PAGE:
- All Subjects: Healthcare Reform
- All Subjects: healthcare insurance
- Creators: Eppinger, Jamie Marie
- Creators: Petit, Lea
- Member of: Barrett, The Honors College Thesis/Creative Project Collection
- Member of: Theses and Dissertations
- Status: Published
The United States healthcare system does not perform as well as other countries including Germany and England, despite spending the most money on healthcare. It is well-established that there have been attempts at reform in the U.S. healthcare system multiple times in the past. This research paper describes the health care systems in the U.S., Germany, and England to analyze the strengths to create practical healthcare reform ideas for the U.S. This was done by describing each of the country's health care systems in detail, including the history of each country's health care system, the quality of care, the access to care, and the funding of the health care system. Based on this analysis of these health care systems, recommendations for health care reform are provided for the U.S. with revisions to the Affordable Care Act.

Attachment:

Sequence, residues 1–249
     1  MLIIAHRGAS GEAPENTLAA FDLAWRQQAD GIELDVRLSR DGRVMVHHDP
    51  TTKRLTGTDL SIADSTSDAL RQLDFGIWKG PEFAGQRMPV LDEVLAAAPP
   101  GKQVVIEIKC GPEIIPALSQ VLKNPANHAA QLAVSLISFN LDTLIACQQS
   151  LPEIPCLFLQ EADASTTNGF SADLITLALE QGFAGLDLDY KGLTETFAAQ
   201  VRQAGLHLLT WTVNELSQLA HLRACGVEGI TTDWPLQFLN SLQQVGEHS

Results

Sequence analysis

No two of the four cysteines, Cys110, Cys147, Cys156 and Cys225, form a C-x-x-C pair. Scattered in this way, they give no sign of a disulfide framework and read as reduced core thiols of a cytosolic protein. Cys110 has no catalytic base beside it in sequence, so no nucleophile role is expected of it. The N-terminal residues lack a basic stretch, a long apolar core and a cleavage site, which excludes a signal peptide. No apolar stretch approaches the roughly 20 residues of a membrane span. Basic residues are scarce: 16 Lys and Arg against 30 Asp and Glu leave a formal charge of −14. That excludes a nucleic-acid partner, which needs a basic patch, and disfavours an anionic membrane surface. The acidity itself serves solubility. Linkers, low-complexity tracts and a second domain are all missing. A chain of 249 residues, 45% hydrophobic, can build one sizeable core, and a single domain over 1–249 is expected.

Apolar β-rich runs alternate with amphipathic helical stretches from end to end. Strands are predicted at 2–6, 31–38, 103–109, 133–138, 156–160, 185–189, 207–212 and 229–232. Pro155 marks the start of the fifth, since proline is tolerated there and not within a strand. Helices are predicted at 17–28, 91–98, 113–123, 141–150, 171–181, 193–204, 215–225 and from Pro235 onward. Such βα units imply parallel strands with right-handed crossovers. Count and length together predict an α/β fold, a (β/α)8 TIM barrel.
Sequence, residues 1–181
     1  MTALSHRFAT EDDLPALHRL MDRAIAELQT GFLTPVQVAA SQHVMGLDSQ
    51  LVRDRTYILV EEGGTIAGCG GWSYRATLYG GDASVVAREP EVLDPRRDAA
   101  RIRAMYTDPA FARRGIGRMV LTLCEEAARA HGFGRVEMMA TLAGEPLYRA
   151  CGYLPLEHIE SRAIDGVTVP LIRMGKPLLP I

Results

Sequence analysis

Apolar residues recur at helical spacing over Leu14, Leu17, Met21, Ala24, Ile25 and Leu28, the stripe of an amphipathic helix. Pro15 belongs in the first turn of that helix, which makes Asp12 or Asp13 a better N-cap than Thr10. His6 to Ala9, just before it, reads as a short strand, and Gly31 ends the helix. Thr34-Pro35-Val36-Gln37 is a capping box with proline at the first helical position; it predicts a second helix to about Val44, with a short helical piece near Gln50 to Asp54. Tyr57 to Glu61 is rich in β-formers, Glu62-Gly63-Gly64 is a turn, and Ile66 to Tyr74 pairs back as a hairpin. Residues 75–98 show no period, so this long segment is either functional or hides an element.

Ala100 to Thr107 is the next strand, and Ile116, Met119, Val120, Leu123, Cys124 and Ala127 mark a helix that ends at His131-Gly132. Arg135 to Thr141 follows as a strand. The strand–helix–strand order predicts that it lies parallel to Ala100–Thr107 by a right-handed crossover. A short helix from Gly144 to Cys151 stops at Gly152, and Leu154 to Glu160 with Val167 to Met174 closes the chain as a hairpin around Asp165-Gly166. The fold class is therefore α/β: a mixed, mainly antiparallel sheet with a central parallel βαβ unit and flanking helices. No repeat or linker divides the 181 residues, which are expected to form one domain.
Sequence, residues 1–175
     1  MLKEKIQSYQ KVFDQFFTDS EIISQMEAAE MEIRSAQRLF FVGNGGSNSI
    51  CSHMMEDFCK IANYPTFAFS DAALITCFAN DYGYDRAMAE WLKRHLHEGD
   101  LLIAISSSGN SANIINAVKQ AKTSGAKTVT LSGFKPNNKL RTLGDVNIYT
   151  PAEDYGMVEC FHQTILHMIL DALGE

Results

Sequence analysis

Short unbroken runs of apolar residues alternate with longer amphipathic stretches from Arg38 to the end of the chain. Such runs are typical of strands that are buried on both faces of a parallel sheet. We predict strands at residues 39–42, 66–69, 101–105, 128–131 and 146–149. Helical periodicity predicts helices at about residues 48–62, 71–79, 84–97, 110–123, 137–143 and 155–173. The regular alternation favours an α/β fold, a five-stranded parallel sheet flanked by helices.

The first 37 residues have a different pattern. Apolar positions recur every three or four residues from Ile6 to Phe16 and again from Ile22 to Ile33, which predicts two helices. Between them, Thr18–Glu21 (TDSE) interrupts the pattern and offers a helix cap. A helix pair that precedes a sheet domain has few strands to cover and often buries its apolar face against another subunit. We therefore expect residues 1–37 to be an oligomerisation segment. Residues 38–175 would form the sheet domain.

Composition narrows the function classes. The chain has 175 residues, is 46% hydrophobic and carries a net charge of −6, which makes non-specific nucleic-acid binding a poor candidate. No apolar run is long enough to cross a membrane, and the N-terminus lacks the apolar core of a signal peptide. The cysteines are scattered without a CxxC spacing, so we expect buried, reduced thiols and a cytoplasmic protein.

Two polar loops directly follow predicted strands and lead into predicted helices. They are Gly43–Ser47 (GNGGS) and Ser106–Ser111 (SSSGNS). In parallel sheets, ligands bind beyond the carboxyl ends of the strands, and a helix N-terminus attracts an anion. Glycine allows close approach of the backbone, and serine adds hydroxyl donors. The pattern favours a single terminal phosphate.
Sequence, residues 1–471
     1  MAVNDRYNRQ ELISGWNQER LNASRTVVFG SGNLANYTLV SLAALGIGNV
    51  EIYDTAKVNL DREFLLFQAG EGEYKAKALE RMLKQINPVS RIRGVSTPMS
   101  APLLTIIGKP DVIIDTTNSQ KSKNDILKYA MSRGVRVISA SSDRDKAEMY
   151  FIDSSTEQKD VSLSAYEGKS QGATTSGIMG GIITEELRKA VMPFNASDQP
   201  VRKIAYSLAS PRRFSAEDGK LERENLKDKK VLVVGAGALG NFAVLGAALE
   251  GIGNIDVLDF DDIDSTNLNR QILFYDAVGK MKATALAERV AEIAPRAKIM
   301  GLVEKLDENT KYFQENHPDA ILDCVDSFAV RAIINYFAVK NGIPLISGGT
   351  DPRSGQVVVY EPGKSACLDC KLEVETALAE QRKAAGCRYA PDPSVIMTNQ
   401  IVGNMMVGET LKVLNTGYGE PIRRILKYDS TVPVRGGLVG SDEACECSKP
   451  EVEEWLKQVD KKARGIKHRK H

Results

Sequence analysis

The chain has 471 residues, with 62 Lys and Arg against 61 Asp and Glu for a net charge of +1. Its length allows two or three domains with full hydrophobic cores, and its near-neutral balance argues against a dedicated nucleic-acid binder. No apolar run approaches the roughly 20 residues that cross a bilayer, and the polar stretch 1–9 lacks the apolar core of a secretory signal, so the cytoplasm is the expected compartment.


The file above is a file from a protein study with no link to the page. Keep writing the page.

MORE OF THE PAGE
The United States spends far more on healthcare than other developed countries, and it is increasing at a rapid pace that places intense financial pressure on the American public. The high levels of spending are not attributable to increased quality of care or a healthier general population. Rather, the culprits are a combination of uniquely American social and cultural factors that increase the prevalence of chronic illness coupled with a large and complex healthcare industry that has a multitude of stakeholders, each with their own motivations and expense margins that inflate prices. Additionally, rampant lack of transparency, overutilization and low-quality care contribute to unnecessarily frequent and expensive payments. Public and private institutions have implemented legislation and programs that provide temporary relief, but powerful lobbying efforts by healthcare-related organizations and a general American aversion to high government involvement have prevented the United States from creating effective, long-lasting reform.